Initial ethical doubts will disappear as the general public will adapt to the principle of genetic improvement and enhancement. Resistance will become a fringe phenomenon, just as resistance to inoculation is today.
Genetic engineering will be used, step by little step, to drive at least three of the other mega-trends mentioned below: Life extension and space flight and terra-forming.
In our drive to improve the quality of life we use all means available. Apart from genetic engineering and “classical” biochemical pharmacy, more and more are we using non-biological methods of solving biological problems. Obviously this is already a very old approach: think of the wooden legs and hooks of old days, but also of spectacles. But today we are able to create very many non-biological devices that support biological life: from hearing aids to pace makers, from artificial hearts to artificial kidneys, all the way to Deep Brain Stimulation to soften the impact of certain brain defects like epilepsy and Parkinson disease.
We start to understand that there is nothing special about biological mechanisms, apart from them being very complex and very delicate. There are basically no limits to enhancing biological functionality with non-biological technology. We will see step by step an increase in these technologies, so that the lame can walk, the blind can see and the deaf can hear. And we will be able to enhance our brains. We already start to understand how the brain works, and what APIs the brain has, how we can connect our electronic processors to communicate with the chemo-electrical circuitry of the brain. This will be a major development, that will make our intellectual capabilities increase exponentially.
Immortality has been the Holy Grail for as long as we have records of human thinking. Probably immortality would be unbearable, but a significant extension of our lives would be something to strive for. And that is what we have done for centuries, with quite some success. The average life expectancy increased from below 40 less than 200 years ago in Western Europe to over 80 in 2010. Current thinking is that without fundamental developments in genetic engineering and other medical techniques the increase in life expectancy will top out somewhere around 100 – 106 years.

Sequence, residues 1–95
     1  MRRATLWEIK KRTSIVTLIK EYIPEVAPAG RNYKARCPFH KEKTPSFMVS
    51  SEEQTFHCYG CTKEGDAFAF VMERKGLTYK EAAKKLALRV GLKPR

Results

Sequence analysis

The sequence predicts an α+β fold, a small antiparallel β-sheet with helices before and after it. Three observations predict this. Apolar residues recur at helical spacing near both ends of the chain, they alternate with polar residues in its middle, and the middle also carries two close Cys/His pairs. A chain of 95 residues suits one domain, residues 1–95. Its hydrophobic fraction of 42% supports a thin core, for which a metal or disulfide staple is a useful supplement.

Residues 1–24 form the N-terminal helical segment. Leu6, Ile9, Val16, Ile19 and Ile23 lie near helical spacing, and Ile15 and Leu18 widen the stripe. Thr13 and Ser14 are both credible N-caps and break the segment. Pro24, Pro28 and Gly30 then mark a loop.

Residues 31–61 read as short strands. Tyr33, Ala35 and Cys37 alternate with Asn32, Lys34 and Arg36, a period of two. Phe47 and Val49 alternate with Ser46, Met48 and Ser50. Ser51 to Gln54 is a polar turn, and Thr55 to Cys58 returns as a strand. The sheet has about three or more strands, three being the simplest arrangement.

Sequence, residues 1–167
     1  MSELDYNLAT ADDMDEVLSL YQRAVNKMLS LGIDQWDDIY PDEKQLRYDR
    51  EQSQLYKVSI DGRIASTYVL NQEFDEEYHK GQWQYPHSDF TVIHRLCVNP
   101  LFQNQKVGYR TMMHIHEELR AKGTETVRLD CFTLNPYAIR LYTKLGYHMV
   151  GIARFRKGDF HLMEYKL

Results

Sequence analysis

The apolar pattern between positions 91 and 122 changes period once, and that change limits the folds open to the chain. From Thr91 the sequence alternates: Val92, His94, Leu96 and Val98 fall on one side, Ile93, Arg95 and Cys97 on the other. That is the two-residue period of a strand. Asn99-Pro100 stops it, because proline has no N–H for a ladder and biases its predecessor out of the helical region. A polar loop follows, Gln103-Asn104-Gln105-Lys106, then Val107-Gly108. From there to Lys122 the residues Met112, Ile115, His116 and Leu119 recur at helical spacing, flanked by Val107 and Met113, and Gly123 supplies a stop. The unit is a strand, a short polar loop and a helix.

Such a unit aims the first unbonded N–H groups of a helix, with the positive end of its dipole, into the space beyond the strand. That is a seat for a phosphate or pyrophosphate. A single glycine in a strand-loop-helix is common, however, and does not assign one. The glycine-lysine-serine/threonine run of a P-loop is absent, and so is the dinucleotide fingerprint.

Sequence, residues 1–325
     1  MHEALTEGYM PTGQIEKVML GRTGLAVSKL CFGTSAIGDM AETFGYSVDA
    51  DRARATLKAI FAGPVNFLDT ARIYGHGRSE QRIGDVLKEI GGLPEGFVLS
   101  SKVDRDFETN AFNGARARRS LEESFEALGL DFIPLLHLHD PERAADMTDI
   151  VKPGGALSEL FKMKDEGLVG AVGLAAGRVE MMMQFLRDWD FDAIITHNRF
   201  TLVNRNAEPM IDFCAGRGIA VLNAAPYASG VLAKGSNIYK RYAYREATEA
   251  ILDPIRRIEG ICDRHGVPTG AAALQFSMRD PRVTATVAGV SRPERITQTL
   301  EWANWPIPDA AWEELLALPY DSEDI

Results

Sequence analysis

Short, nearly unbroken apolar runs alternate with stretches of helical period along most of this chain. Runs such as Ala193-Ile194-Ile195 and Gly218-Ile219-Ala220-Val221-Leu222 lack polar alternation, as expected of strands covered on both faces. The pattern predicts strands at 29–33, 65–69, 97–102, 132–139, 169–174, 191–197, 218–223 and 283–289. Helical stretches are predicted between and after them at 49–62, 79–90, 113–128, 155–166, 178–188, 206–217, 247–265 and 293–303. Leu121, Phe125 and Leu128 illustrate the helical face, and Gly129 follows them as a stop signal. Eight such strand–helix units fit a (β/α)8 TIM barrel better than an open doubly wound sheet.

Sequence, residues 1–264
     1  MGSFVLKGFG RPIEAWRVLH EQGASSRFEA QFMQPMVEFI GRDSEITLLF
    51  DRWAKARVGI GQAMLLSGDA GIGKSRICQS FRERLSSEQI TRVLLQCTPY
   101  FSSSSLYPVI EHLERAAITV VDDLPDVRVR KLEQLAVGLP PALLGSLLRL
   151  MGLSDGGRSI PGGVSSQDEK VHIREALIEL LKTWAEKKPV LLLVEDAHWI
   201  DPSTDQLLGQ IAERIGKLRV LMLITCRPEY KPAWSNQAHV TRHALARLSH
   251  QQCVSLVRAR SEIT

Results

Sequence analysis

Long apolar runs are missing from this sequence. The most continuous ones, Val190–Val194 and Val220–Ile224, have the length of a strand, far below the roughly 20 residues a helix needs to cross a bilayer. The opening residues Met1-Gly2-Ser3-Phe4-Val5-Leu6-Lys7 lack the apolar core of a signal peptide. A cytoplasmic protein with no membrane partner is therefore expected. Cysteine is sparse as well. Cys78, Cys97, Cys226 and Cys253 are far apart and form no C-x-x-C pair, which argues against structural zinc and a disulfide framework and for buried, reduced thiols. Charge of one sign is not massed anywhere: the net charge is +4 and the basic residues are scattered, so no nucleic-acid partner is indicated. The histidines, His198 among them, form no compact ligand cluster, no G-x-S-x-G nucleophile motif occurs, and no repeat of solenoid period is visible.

But these advanced methods are already being developed, with successful experiments doubling the lifespan of mice. I expect these developments to receive ample attention and funding, with the actual life expectancy increasing to well beyond 100, and with preservation of quality of life.
A phase in-between life extension, prosthetics and robotics is the field of non-biological life. I will not dive too deep into that right now, but this entails transplanting the complete conscious and subconscious footprint of a biological person into a non-biological mechanism. This is a fascinating field that has been used a lot by SciFi writers, just think of the talking space ships with personality in both Dr. Who and in the Culture books by Iain Banks (The Culture Boxed Set: Consider Phlebas, Player of Games and Use of Weapons).